Wednesday, August 8, 2012

The Political Agenda

What determine what gets on the political agenda at the national, state and local level? Which issues get to be debated and considered,  which never see the light of day?

The most common answer to this question is interest groups. Interest groups invest money in campaigns and then in lobbying and their issues get considered and often accepted by policy-makers. There is no doubt that they exert enormous clout in determining the outcome of public policy issues.  However, I really don't think it is that simple. I don't think interest groups or even political parties actually get to decide most of what is considered in government. Looking at the policy agenda in the U.S. the key issues appear to be jobs and the economy, health care, gay marriage, immigration, education and the budget deficit . While interest groups may play a disproportionate role in determining many of the alternatives that are considered to solve these problems, they don't get to pick which ones draw the attention of policy-makers.

Author and professor, John Kingdon in his classic works
Agendas, Alternative and Public Policy  identifies three policy streams that most often need to come together for an issue to be seriously considered by policy-makers.

1. Problems - problems come up and have to be dealt with. I worked with a former Federal Reserve Board economist during the Locke Administration who was always frustrated that the Governor's agenda never seemed to stay the course. For him, it was always issue du jour. You are working on economic development and then all of sudden energy prices skyrocket and you have to drop it and work on energy issues. Problems become the focus because citizens expect elected officials to deal with them. But problems in themselves aren't enough.

2. Solutions - if a policy-maker is going to consider an issue, she is going to want to know that the problem can be solved. Otherwise, an enormous amount of political capital will be spent and you will end up looking pretty foolish. The property tax is unfair because it doesn't include the value of financial assets in the valuation of property. But how would you do it? Could you administer it or would cheating be so prominent it wouldn't be worth it?  Tornadoes, earthquakes and Tsunamis are horrible events that should be stopped, but can you? A more realistic example might be health care reform - in a country so ideological devoted to the free market, can you have a solution that doesn't involve government ownership?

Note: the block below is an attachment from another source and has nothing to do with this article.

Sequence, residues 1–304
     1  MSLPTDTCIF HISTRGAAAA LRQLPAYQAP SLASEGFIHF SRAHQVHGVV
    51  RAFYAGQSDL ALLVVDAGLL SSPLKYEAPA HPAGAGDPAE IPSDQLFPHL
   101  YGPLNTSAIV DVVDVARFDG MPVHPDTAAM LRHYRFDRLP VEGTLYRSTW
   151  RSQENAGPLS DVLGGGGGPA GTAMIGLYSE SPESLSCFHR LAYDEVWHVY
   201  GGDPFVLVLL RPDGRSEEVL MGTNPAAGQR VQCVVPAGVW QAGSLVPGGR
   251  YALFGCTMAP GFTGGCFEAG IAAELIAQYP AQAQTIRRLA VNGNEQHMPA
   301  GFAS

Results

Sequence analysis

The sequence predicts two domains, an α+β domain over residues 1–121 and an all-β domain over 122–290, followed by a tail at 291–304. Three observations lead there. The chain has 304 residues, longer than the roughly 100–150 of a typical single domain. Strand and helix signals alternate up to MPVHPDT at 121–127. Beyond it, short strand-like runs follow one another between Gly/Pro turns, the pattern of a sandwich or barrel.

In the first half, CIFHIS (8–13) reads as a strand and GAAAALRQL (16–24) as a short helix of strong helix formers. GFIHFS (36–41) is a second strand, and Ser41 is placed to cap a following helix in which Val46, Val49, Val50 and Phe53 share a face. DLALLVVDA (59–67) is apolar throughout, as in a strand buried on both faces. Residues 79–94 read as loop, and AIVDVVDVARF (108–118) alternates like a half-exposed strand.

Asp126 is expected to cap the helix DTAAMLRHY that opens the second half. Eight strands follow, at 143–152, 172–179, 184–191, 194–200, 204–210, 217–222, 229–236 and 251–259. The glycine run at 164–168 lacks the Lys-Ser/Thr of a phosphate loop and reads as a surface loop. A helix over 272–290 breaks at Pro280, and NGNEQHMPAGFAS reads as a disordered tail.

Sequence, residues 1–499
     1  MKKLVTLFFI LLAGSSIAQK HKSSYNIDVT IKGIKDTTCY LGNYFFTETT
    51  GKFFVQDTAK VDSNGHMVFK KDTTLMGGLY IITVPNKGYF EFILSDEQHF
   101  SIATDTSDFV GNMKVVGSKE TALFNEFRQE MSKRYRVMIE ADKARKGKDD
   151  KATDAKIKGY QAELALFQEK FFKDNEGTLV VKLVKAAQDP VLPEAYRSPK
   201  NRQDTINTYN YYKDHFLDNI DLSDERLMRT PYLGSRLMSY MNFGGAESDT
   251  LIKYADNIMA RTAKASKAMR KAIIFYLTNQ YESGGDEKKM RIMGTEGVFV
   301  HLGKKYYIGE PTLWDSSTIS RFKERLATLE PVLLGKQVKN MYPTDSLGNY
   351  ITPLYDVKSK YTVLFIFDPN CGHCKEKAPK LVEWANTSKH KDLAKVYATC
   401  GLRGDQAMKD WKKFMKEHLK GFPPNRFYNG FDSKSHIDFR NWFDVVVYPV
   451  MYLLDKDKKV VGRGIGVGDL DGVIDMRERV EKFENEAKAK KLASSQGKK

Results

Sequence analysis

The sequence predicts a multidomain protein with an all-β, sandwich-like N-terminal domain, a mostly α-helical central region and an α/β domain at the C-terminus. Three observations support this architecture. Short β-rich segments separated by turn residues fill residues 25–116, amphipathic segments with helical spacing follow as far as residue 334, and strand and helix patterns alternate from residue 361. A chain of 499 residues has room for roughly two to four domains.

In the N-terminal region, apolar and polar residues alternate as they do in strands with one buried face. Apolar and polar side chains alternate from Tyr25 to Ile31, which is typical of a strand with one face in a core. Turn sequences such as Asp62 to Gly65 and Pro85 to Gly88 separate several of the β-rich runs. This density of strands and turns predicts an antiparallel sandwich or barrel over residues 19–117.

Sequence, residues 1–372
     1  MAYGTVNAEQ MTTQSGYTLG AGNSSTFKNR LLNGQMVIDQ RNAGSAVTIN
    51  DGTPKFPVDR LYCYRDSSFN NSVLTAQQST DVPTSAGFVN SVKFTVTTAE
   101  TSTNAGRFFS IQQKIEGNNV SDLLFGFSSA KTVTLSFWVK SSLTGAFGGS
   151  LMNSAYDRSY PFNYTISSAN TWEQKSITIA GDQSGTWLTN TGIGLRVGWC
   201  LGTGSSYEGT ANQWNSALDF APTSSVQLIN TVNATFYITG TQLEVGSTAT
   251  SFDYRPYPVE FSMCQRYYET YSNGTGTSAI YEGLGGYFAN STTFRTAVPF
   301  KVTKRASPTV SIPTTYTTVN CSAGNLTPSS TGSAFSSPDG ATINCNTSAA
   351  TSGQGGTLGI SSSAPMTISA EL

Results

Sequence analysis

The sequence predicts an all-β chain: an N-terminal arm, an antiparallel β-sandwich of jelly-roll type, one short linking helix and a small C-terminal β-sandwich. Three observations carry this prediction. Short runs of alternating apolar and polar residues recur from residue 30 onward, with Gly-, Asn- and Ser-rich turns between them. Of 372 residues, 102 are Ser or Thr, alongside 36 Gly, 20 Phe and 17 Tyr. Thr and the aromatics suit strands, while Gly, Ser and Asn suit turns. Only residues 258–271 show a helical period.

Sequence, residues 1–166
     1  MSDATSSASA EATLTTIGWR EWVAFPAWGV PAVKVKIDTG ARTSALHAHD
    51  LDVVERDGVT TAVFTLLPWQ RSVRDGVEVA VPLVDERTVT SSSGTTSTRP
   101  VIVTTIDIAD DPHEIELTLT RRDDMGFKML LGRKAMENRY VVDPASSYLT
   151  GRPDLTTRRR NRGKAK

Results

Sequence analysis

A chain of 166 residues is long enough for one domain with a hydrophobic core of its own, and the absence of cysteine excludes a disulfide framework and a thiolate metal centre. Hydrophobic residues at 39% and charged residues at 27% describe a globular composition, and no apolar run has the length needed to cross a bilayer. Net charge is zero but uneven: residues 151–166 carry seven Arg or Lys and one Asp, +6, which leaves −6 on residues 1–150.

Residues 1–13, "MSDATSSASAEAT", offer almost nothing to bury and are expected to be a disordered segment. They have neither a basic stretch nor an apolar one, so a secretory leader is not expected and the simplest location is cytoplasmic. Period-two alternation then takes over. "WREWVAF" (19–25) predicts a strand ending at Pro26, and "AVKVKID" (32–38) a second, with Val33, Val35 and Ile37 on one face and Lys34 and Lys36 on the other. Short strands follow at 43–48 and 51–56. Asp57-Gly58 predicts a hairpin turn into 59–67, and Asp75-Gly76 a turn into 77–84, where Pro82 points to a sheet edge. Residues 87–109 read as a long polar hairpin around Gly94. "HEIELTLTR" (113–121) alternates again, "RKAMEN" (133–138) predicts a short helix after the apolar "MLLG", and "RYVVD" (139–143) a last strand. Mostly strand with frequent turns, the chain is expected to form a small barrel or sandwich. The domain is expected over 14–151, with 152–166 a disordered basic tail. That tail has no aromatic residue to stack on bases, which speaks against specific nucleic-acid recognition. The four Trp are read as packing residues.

3.  Politics - there has to be the right political alignment for the issue to move through the political process. Somebody or some people who are policy-makers have to make it a priority. Health care reform wasn't politically ripe during the Cater Administration because it wasn't the priority of the president and the political mood of the country was souring on government solutions. On the other hand, the election of Barak Obama was accompanied by large majorities in the House and the Senate and Obama made it the #1 priority of his administration. Climate change was clearly on the agenda in 2008 with major Republicans and Democrats in Congress and the President seeking legislation. But the 2008 recession knocked it off the agenda as concerns moved away from the environmental protection to it's effect on jobs.

Politicians who understand these forces are often said to have a good sense of timing.  An advocate for education reform might hold off on passing major investments in education because they know that during a severe budget crisis there is no viable financial solution. But when the economy improves, and revenues are back on track, they may have a solution in hand and will work ensure that the public sees that it is a problem worth solving. When that time comes, they will jump on any news on comparative test scores or school failures try and put the issue on the agenda. Advocates for small government jumped on their chance to shrink government when the great recession and tax cuts led to huge budget deficits.

Given the problems we are facing today, the political climate and the availability of realistic solutions, what issues might be ripe for getting on the agenda?

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